Invadopodia are actin-rich protrusions that degrade the extracellular matrix and are required for stromal invasion, intravasation, and metastasis. The role of the focal adhesion protein talin in regulating these structures is not known. Here, we demonstrate that talin is required for invadopodial matrix degradation and three-dimensional extracellular matrix invasion in metastatic breast cancer cells. The sodium/hydrogen exchanger 1 (NHE-1) is linked to the cytoskeleton by ezrin/radixin/moesin family proteins and is known to regulate invadopodium-mediated matrix degradation. We show that the talin C terminus binds directly to the moesin band 4.1 ERM (FERM) domain to recruit a moesin-NHE-1 complex to invadopodia. Silencing talin resulted in a decrease in cytosolic pH at invadopodia and blocked cofilin-dependent actin polymerization, leading to impaired invadopodium stability and matrix degradation. Furthermore, talin is required for mammary tumor cell motility, intravasation, and spontaneous lung metastasis in vivo. Thus, our findings provide a novel understanding of how intracellular pH is regulated and a molecular mechanism by which talin enhances tumor cell invasion and metastasis.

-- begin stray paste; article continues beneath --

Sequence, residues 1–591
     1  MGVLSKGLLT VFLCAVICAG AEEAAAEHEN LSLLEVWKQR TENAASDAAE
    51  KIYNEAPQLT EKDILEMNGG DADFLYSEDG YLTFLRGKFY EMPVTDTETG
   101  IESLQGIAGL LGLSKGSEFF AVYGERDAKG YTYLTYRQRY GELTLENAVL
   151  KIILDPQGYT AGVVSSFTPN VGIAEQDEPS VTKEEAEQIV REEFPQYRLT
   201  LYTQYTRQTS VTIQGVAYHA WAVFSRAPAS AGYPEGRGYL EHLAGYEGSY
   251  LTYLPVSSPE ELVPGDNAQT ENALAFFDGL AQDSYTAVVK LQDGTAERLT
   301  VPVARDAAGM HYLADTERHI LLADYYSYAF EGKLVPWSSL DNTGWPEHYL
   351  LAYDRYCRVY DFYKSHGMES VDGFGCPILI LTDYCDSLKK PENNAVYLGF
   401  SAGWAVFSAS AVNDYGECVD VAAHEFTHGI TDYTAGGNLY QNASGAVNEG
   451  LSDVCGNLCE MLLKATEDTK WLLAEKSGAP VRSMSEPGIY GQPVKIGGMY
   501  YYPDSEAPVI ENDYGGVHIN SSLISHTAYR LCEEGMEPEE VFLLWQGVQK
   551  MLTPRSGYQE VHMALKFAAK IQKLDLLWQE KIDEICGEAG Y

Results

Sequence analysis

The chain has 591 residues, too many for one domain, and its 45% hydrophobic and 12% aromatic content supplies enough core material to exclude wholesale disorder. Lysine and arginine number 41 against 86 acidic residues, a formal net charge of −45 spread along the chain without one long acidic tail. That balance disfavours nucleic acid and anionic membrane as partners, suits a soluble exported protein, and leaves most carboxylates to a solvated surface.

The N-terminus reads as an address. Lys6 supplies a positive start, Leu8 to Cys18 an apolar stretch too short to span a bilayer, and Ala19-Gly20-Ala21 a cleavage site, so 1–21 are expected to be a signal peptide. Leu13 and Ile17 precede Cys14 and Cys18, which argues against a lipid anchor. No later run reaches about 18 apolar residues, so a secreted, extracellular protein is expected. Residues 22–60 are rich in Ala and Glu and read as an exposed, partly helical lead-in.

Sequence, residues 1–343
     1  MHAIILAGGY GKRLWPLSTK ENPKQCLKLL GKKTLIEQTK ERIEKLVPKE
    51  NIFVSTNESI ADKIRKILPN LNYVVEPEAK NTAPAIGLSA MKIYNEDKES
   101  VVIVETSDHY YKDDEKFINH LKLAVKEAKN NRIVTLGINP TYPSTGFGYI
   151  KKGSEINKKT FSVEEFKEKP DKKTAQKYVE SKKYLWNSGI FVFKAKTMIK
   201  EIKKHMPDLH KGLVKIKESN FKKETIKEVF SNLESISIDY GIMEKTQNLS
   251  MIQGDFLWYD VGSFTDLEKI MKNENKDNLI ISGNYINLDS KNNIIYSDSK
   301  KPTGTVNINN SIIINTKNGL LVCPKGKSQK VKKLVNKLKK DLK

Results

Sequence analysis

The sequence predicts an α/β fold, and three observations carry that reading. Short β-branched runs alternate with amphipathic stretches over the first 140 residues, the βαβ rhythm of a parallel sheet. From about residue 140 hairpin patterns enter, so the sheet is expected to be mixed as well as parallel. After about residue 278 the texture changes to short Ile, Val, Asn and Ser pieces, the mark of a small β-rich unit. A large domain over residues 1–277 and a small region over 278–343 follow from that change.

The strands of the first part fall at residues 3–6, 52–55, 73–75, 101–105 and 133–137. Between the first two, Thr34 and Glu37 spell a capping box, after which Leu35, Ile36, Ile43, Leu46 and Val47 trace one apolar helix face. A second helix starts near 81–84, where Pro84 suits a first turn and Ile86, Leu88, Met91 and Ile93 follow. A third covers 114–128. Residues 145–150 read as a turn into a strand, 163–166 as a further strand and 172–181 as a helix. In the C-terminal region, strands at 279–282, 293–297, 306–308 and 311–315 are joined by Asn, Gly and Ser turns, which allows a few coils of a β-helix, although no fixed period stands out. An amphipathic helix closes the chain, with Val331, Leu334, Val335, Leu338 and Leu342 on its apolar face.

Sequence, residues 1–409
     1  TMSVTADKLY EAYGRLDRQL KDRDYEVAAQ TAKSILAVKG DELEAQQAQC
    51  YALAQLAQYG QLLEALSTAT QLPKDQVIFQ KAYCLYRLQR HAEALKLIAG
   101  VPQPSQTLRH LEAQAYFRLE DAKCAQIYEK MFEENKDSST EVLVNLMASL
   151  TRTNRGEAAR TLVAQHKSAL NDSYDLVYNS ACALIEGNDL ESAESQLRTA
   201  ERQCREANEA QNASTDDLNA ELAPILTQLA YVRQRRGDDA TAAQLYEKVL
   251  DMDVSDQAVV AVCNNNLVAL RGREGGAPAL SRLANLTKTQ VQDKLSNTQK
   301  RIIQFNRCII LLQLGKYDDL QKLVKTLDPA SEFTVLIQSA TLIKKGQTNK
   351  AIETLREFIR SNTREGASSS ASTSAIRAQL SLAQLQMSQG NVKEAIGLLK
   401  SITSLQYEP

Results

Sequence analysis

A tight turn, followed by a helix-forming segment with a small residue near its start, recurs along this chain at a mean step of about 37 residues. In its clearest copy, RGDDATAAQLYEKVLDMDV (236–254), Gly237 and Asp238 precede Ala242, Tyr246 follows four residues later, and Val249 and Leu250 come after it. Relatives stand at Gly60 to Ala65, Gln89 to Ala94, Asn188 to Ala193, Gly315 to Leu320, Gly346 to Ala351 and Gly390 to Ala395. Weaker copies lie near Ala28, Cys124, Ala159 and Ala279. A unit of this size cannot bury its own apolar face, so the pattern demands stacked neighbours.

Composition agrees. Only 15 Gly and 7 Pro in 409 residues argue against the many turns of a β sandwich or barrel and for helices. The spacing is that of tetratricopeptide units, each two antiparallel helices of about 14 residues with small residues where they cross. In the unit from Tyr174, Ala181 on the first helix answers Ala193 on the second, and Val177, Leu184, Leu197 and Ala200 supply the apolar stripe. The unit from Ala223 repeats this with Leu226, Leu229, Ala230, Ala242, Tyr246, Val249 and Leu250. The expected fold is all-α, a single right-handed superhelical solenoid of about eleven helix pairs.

ASJC Scopus subject areas
- Cell Biology